So difficulties with power and the only transport link to the mainland have increased the risks for organisations. However, it requires time and effort to identify the information required about events that are not known, but could be – for example the number of days per year (or by season) that the ferries have been unable to operate, for whatever reason. Once the data is obtained, then probabilities can be calculated for the likelihood of a ferry not being available. With the likelihood of the event established, the consequences, usually as lost income, but also customer relations, are identified. Based on the likelihood and consequences of the event and taking account of the organisation’s appetite for risk, management can decide what could be done to mitigate the costs.

An objective of risk management is to avoid being unable to recover from an event by failing too late. So, in geographical areas with limited options, it requires organisations to have Supply Chain strategies that are flexible and dependable.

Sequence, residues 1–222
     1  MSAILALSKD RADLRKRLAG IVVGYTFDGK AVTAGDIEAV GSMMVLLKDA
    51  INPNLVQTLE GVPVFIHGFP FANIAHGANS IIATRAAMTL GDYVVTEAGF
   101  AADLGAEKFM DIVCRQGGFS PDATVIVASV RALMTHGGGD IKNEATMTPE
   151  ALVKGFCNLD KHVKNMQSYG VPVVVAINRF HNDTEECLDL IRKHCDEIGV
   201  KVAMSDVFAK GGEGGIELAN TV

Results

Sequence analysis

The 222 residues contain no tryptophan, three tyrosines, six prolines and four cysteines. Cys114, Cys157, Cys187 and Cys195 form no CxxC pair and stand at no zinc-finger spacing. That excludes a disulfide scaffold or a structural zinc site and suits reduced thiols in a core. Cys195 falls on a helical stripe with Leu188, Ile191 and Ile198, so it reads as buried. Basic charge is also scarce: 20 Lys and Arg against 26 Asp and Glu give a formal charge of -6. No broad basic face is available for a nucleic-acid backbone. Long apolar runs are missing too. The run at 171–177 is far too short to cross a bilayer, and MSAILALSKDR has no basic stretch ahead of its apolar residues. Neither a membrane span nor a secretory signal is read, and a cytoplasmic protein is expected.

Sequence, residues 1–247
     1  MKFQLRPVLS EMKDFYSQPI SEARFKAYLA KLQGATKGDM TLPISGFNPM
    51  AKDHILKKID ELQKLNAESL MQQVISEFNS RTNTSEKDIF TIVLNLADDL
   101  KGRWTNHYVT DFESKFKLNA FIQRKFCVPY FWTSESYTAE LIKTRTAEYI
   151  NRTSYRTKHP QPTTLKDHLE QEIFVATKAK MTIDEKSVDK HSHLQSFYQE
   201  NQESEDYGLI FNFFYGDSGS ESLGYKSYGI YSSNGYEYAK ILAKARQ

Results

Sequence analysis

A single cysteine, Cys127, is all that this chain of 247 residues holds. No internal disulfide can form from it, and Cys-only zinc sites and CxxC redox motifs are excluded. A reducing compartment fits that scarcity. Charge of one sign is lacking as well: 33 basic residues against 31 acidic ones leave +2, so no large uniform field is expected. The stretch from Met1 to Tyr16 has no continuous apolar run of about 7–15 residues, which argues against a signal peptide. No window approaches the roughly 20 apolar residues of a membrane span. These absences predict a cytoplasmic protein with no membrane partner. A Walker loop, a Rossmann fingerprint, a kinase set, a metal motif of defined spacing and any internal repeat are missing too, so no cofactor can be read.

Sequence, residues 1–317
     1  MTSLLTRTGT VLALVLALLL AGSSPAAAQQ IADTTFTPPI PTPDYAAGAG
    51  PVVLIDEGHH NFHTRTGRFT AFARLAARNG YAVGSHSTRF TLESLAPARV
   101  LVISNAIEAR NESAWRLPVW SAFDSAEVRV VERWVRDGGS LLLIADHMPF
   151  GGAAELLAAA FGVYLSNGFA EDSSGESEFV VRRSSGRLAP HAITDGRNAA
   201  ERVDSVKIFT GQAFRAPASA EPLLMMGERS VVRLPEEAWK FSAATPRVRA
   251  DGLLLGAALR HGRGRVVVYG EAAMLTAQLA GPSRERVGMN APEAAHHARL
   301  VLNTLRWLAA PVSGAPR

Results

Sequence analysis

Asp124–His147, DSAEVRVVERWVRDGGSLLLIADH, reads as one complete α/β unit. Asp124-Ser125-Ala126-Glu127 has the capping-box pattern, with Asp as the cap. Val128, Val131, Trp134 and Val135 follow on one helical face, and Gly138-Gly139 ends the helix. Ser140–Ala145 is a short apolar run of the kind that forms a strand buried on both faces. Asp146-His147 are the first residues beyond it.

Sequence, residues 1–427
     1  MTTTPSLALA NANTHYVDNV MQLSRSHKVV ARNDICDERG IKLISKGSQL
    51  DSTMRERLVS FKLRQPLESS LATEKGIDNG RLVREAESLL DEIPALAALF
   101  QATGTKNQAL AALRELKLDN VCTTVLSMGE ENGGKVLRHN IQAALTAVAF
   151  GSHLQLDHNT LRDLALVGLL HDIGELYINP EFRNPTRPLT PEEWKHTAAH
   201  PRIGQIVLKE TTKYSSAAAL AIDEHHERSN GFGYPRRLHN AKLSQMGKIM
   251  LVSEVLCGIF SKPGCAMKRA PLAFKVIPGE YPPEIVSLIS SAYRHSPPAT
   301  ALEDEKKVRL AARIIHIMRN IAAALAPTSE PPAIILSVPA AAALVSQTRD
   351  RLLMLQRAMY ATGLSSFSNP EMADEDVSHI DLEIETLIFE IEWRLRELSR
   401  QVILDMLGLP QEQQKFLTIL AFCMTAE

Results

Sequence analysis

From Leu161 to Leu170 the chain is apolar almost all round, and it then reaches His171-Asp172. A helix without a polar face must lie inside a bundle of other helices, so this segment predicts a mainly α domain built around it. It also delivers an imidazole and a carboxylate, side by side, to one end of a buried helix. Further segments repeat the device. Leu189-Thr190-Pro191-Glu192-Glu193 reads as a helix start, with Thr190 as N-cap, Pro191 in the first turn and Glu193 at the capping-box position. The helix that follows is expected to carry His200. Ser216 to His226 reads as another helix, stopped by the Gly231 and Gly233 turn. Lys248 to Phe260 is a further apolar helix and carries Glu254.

Flexible organisations have the capability to quickly re-structure so that orders of varying volumes, product mix and delivery requirements can be addressed profitably. This requires a flexible business and organisation structure, integrated with a flexible cost and pricing system.

Dependable means that systems and processes within the organisation must be both predictable and robust. Changes in the wider environment, for example capacity constraints, weather and industrial disputes, can be overcome without affecting customers.